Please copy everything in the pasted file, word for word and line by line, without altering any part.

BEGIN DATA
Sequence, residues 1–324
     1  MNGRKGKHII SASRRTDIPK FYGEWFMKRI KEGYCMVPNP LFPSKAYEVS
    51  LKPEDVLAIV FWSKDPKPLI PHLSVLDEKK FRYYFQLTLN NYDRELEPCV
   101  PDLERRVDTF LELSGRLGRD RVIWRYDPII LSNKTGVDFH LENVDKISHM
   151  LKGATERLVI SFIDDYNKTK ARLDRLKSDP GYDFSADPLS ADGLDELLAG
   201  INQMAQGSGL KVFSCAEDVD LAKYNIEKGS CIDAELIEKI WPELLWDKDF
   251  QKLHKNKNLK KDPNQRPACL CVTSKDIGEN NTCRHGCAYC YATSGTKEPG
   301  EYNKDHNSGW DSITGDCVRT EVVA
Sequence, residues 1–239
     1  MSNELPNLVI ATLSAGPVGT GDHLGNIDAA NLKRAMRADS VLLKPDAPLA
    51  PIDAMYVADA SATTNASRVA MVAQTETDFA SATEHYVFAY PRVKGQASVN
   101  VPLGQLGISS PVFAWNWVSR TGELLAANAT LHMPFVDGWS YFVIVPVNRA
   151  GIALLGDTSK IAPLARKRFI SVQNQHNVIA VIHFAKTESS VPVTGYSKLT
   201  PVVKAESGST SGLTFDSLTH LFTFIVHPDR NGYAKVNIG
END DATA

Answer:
Sequence, residues 1–324
     1  MNGRKGKHII SASRRTDIPK FYGEWFMKRI KEGYCMVPNP LFPSKAYEVS
    51  LKPEDVLAIV FWSKDPKPLI PHLSVLDEKK FRYYFQLTLN NYDRELEPCV
   101  PDLERRVDTF LELSGRLGRD RVIWRYDPII LSNKTGVDFH LENVDKISHM
   151  LKGATERLVI SFIDDYNKTK ARLDRLKSDP GYDFSADPLS ADGLDELLAG
   201  INQMAQGSGL KVFSCAEDVD LAKYNIEKGS CIDAELIEKI WPELLWDKDF
   251  QKLHKNKNLK KDPNQRPACL CVTSKDIGEN NTCRHGCAYC YATSGTKEPG
   301  EYNKDHNSGW DSITGDCVRT EVVA
Sequence, residues 1–239
     1  MSNELPNLVI ATLSAGPVGT GDHLGNIDAA NLKRAMRADS VLLKPDAPLA
    51  PIDAMYVADA SATTNASRVA MVAQTETDFA SATEHYVFAY PRVKGQASVN
   101  VPLGQLGISS PVFAWNWVSR TGELLAANAT LHMPFVDGWS YFVIVPVNRA
   151  GIALLGDTSK IAPLARKRFI SVQNQHNVIA VIHFAKTESS VPVTGYSKLT
   201  PVVKAESGST SGLTFDSLTH LFTFIVHPDR NGYAKVNIG